Should I use my school loan for my investment property down payment ?

9 Replies

So i am defiantly going to house hack my first property, I want get and fha loan and buy a 4 plex. However i don’t have all the money for it rn. I just got my re license and will begin working soon, the money i would make in commissions would go directly to my investments, i know in the beginning it might take a while for me to start making money, maybe not but i really want to own a 4 plex, like now lol. In September i will enter my last year in college and I’m only in $2,500 in student debt after 6 semesters. Although most of my tuition is covered by state grants I have an option to take out of loan for about $6,000 that I don’t have to start paying until I graduate. I would probably use this for my 3.5% dp or just for renovation once I do own the property. I see it as i barely have any student loan debt and compared to some of my family members who graduated with 40k in student loans, at least I would be invested it not spending it or be in debt and jobless. Just wanted to see if anyone did this before, your opinion or advice. Maybe I should just be patient and save some money or this wouldn’t be such a bad idea ?

Thank you,

Sincerely Steven Betancurth

@Steven Betancurth

Hey Steve, I'm not sure about what you're suggesting. Never actually crossed my mind. Sounds creative though. Have you pre qual for the FHA already or is this just the beginning of your thought process on it??

I'd say if you can do this then it is very creative and if you're sure about ALL your numbers....... And then DOUBLE SURE......... Then maybe you can pull it off.

This is a little coy, but I'm almost certain you would get a better education doing this than college can sometimes provide lol. Real life has a way of doing that in a way the classroom doesn't, and being an investor you are faced with a number of choices and decisions regularly and through problem solving and analysis you can and will learn a great deal.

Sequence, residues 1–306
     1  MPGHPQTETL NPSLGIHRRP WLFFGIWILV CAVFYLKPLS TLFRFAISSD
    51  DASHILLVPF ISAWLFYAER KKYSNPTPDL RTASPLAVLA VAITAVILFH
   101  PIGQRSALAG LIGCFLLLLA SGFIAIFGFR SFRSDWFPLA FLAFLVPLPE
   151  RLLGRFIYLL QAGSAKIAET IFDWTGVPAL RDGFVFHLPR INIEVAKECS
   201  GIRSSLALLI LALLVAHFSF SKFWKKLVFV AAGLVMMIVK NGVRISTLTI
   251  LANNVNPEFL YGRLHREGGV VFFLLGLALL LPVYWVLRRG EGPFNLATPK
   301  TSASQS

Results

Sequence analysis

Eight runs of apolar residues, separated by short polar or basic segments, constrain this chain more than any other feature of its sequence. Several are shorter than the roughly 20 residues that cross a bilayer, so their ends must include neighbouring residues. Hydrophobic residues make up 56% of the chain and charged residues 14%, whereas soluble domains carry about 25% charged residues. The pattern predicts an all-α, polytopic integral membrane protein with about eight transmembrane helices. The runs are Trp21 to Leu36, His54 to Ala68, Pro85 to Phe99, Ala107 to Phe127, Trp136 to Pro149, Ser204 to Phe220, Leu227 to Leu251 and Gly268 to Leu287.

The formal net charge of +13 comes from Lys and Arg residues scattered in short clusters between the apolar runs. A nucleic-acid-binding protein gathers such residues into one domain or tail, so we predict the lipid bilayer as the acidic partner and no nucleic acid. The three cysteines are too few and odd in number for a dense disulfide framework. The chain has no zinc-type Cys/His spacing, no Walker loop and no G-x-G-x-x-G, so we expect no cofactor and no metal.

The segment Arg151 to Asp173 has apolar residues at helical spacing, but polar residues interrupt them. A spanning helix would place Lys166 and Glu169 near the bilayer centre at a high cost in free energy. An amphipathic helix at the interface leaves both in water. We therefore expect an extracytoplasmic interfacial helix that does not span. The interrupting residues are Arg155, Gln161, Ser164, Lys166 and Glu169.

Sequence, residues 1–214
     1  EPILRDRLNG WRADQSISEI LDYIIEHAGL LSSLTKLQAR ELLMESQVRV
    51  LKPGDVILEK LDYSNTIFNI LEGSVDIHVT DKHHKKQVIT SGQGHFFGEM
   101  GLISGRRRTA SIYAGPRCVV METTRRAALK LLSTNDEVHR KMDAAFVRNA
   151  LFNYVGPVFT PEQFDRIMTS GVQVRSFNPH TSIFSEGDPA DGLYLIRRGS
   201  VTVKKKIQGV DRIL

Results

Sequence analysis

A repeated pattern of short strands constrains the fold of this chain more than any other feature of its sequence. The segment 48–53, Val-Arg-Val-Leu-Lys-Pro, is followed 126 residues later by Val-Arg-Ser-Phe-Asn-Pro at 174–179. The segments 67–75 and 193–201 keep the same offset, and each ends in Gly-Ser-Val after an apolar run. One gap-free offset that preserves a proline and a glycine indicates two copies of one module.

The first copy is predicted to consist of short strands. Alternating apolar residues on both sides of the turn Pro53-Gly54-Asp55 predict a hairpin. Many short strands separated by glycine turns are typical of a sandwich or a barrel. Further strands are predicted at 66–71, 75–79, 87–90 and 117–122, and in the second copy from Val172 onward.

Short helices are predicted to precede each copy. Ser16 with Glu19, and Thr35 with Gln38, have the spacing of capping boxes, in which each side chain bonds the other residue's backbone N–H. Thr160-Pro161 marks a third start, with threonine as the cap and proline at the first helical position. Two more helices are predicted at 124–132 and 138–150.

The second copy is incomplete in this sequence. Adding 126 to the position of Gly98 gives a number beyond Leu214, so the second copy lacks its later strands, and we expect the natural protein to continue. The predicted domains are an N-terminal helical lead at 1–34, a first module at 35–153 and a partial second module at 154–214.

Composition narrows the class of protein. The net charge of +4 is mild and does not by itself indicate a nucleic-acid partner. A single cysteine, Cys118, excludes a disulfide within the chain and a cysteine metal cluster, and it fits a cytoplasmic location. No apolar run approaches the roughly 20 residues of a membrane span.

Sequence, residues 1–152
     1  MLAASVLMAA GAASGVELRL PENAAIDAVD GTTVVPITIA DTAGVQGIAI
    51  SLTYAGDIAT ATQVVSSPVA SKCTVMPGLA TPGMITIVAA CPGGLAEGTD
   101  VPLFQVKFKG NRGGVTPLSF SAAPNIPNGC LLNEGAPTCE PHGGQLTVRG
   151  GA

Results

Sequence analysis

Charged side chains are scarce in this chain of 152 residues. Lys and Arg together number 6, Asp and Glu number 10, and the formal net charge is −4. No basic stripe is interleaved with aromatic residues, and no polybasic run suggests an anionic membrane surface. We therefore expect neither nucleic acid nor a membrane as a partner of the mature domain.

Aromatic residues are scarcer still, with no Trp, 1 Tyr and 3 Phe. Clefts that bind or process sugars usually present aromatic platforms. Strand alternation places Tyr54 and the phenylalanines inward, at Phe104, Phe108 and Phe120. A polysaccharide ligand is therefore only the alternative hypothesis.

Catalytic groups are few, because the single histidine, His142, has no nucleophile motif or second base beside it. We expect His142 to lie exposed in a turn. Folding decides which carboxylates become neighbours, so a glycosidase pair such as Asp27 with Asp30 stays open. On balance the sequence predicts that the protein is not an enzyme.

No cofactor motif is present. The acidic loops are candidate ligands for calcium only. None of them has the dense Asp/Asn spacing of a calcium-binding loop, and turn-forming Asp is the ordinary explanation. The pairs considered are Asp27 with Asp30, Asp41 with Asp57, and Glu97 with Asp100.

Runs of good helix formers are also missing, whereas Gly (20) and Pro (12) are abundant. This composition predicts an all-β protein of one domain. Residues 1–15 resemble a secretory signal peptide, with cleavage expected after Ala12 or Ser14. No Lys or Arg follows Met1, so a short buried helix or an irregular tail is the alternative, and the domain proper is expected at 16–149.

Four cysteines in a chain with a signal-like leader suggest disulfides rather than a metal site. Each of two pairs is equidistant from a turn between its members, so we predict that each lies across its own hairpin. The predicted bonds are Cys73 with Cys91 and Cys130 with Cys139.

Let us know what you decide to do and how it works out if you go forward with this. If you're lucky you could make back the borrowed amount by the time loan payments start.

I went to school too, a lot of school, and I value my education, however I think that really being involved in life (investing certainty qualifies) is usually a better teacher for the teachable - in many cases....

This is a bad idea.  Don't use student loan debt to make your first investment.  Pay off your debt.  Save up a cushion.  Then invest.  

Don't know what type of student loan you have but the Federal student loan application state funds can only be used for educational purposes and any conventional lender will ask you "What's the source of the down payment money?"

If your honest they will decline you and if your not you've committed perjury and mortgage fraud. The sentence is up to 30 years for that.

I was thinking along the lines of what @Bill S. stated although I saw students spend loan money on everything but school...... Not sure how they got away with it or what ended up happening with them...... I just know it doesn't always get spent on school. 

Search the article below for "false statement" for sentencing guidelines

Regardless of the student loan piece, are you currently working? Will RE be your main income after school? If you do not have stable and predictable income now, I would wait on purchasing anything until you know your income can support the vacancies and repairs.

@Steven Betancurth

So you want to start a REI career by first committing loan fraud, then perjury, then mortgage fraud?

Guess it can only go up from there.

I watched a kid we know buy a home for $10k @ a tax lien auction, he subsequently spent about $3k on closing & rehab. He then sold it to an investor $5k down, holding the note @ 12% over 12 months for $20k. He admitted he used his student loan advance to fund it instead of "wasting it on tuition, beer, co-eds & cheap low rent accommodations". 

I assume he took the "creative financing" elective!!!!

I have been thinking along the same lines for my son, but using his Education Savings Account for the down payment, as it is a living expense while he he is in college.  Or at the least come up with the down payment some other way and pay the mortgage from the ESA.  

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